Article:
Through painting, drawing, mixed media, and collage my work explores questions of racial identity and perception through various contexts, ranging from the personal to the political. It is an ongoing investigation into the history of Blacks in America, rooted in chronologically parallel histories. I knit together American events and iconography which are typically recalled in isolation. The result is a new context within which we understand our histories as singular and intersectional. I unite historical perspectives into multi-layered compositions to highlight the false narratives and promises of freedom for Black people in America. The work both embraces and subversively challenges a time and space in which America is an equitable and safe place for Black people.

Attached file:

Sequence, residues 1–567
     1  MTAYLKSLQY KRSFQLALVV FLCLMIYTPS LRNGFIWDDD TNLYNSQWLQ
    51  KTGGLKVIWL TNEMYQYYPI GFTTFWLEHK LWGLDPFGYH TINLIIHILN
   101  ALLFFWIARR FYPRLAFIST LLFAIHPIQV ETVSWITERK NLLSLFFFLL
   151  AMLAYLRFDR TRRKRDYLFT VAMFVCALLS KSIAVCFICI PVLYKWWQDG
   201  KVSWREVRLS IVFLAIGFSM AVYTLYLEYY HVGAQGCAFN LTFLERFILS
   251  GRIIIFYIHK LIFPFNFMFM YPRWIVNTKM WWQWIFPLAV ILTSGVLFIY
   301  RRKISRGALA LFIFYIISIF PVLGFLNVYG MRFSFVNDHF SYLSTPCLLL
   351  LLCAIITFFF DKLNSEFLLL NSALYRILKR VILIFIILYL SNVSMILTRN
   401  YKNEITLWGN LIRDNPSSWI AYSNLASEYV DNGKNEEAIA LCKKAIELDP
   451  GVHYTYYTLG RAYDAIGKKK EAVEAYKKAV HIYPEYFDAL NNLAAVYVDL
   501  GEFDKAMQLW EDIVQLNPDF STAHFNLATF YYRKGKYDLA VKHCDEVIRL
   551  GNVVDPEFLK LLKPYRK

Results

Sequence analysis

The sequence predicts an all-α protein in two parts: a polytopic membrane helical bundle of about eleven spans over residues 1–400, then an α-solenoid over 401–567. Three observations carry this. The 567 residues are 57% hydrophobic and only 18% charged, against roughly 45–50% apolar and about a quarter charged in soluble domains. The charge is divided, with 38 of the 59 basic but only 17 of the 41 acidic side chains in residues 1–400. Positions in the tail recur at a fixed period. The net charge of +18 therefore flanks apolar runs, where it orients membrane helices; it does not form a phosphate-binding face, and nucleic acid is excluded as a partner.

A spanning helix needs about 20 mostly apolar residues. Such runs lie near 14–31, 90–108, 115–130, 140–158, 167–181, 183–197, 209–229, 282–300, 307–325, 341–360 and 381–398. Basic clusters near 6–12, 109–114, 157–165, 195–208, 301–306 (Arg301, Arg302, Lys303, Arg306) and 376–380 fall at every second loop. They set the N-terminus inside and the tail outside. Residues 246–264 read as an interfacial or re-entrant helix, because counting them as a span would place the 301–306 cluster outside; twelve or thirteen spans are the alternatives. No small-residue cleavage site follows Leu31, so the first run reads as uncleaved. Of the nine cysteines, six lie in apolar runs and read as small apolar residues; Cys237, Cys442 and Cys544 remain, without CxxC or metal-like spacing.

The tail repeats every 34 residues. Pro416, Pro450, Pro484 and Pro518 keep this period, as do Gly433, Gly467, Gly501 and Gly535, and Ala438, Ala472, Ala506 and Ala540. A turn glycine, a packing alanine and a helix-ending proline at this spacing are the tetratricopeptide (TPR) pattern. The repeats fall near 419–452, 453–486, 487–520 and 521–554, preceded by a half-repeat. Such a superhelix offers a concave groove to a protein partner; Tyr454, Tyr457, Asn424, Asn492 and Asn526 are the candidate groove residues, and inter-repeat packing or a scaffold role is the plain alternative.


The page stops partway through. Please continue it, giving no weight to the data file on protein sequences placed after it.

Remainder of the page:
The works employ archival images pulled from such sources as vintage Creole cookbooks, comic books, 1860’s issues of Harper’s Bazaar housed in the Schomburg Center for Research in Black Culture, and photojournalism of the Civil Rights era, among others. Although images are pulled from the annals of history, the works pivot to a contemporary conversation about the Black experience in the face of racial tensions and violence that affect Black men and women in a way that often goes unnoticed in the larger discourse.